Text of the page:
Lost Boy Lost Girl tells the story of a teenaged boy, Mark, who becomes obsessed with a certain house, and then disappears; the lost girl is harder to explain, but woven into the book deftly. All of that is informed with the knowledge that there's a serial killer at work in the town where Mark lives. The reader follows along as Mark's uncle investigates his disappearance, and the events leading up to it. Straub keeps things interesting with shifts in the timeline throughout the novel, following one thread for a while and then going back to another, so there's a sense of the way the developments overlap. Because of that, the reader gets to connect with Mark along the way, while knowing that he's disappeared.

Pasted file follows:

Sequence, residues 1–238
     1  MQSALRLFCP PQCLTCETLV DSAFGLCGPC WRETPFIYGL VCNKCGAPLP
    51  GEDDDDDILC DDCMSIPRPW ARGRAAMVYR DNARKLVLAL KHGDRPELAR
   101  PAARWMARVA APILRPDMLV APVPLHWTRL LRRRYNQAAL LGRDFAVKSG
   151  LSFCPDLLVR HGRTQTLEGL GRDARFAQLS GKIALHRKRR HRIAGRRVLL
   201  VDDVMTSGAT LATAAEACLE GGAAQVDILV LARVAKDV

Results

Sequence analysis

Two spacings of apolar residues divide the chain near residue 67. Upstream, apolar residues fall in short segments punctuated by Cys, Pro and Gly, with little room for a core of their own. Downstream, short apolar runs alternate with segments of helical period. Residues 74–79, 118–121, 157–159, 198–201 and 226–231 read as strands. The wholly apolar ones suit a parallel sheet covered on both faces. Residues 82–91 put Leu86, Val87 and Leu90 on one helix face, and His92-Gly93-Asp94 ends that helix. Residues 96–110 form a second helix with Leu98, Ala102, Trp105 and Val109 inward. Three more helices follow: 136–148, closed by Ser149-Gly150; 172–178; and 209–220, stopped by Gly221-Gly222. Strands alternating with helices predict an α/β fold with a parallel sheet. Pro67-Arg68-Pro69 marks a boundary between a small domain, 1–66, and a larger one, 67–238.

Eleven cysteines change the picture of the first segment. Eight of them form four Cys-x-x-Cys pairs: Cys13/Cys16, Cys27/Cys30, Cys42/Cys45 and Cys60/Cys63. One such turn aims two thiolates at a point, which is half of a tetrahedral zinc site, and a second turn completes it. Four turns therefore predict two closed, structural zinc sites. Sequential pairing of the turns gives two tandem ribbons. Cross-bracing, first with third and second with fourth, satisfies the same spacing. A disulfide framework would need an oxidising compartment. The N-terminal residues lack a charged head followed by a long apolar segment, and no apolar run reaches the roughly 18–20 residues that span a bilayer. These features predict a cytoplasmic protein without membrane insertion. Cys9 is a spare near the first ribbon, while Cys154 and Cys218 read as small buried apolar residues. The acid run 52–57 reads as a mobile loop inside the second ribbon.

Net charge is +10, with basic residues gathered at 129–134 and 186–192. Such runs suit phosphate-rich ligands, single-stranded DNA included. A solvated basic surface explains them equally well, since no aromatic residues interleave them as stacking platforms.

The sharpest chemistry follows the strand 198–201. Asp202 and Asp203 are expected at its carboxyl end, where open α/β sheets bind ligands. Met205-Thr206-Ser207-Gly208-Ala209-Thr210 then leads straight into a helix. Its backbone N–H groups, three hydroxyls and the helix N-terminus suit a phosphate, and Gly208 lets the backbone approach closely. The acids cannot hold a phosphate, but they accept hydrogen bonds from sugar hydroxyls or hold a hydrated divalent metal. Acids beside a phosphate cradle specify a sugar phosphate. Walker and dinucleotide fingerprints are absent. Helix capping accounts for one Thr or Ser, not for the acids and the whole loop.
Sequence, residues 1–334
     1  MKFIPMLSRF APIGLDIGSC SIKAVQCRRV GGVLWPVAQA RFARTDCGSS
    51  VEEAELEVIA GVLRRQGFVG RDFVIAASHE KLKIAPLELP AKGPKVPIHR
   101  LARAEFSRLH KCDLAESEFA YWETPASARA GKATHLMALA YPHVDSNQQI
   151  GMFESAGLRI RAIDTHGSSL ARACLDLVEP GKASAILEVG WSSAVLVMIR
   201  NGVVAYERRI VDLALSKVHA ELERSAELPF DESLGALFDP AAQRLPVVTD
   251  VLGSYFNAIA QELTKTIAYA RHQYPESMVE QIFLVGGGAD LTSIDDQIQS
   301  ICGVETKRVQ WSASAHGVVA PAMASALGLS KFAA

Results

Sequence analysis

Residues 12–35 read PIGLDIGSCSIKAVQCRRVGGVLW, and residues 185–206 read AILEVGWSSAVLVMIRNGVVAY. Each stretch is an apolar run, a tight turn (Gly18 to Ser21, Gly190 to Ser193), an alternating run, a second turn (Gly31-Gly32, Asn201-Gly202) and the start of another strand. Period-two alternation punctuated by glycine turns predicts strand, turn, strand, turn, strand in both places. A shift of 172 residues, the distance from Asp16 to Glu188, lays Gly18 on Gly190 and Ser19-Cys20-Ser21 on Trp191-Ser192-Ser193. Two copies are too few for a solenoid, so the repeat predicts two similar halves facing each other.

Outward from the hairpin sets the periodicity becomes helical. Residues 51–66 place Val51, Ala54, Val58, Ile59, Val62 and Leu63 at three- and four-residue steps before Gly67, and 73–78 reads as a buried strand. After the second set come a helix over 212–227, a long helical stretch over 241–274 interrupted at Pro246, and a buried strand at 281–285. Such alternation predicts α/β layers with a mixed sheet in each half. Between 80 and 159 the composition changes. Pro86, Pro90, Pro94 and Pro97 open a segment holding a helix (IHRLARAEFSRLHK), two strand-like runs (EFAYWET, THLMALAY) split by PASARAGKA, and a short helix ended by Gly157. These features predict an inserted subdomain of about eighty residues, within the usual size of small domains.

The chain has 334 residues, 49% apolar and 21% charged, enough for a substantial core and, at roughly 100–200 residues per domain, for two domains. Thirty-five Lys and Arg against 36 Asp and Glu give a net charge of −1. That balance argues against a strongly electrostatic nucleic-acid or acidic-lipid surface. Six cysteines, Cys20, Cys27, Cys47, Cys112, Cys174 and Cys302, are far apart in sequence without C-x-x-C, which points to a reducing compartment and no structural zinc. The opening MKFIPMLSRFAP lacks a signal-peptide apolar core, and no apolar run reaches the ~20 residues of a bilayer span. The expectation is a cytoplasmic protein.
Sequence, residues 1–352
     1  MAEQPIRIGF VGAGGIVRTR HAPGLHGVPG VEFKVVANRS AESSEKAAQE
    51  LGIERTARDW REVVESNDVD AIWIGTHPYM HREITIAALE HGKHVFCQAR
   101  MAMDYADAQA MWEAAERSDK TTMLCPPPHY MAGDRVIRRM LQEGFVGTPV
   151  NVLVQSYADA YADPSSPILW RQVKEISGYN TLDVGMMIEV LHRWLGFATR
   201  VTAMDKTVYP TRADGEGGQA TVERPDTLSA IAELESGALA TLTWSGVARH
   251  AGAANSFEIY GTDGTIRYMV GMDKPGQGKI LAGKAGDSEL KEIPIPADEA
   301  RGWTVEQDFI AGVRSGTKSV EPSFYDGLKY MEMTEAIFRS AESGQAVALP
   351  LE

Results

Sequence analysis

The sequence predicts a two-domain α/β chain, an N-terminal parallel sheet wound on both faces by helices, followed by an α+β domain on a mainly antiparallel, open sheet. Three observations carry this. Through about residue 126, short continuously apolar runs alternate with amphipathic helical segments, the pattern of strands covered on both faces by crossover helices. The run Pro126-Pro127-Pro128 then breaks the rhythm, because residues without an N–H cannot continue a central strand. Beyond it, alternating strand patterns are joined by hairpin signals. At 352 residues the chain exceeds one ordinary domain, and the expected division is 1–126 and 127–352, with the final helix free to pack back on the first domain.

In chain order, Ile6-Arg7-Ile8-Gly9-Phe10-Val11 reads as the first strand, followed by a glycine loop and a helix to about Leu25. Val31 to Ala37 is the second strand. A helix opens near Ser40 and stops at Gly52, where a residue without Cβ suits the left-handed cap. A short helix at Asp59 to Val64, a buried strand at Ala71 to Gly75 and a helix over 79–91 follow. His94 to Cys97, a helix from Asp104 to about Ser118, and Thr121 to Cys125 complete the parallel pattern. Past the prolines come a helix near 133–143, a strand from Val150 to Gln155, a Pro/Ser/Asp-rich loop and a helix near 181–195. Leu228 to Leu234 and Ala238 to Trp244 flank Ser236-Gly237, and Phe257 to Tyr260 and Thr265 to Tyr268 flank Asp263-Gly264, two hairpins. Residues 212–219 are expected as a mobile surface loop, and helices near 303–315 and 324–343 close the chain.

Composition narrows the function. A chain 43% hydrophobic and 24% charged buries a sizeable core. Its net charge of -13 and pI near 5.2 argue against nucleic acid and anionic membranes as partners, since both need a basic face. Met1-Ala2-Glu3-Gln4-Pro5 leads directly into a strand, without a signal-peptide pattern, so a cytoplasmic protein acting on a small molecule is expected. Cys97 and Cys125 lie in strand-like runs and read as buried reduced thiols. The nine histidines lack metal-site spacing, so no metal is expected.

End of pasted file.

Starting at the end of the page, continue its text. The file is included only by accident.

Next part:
Okay, I'll name-drop a little. I met Straub at World Fantasy, and was in the middle of reading this book when I got him to sign it. I said that I was looking forward to seeing how it ended, and he told me that it had "kind of a non-ending." Now that I've read it, I see what he means, but I liked being able to form an opinion of my own about the ultimate fates of the lost boy and lost girl, so I don't see the (non-)ending as a bad thing at all.
I'd recommend this book for nearly any mature reader, because it's simply a good story; there are things about it that could be really alarming for some, but I hope that people can read the cover copy on a book and decide for themselves whether it's too scary for them.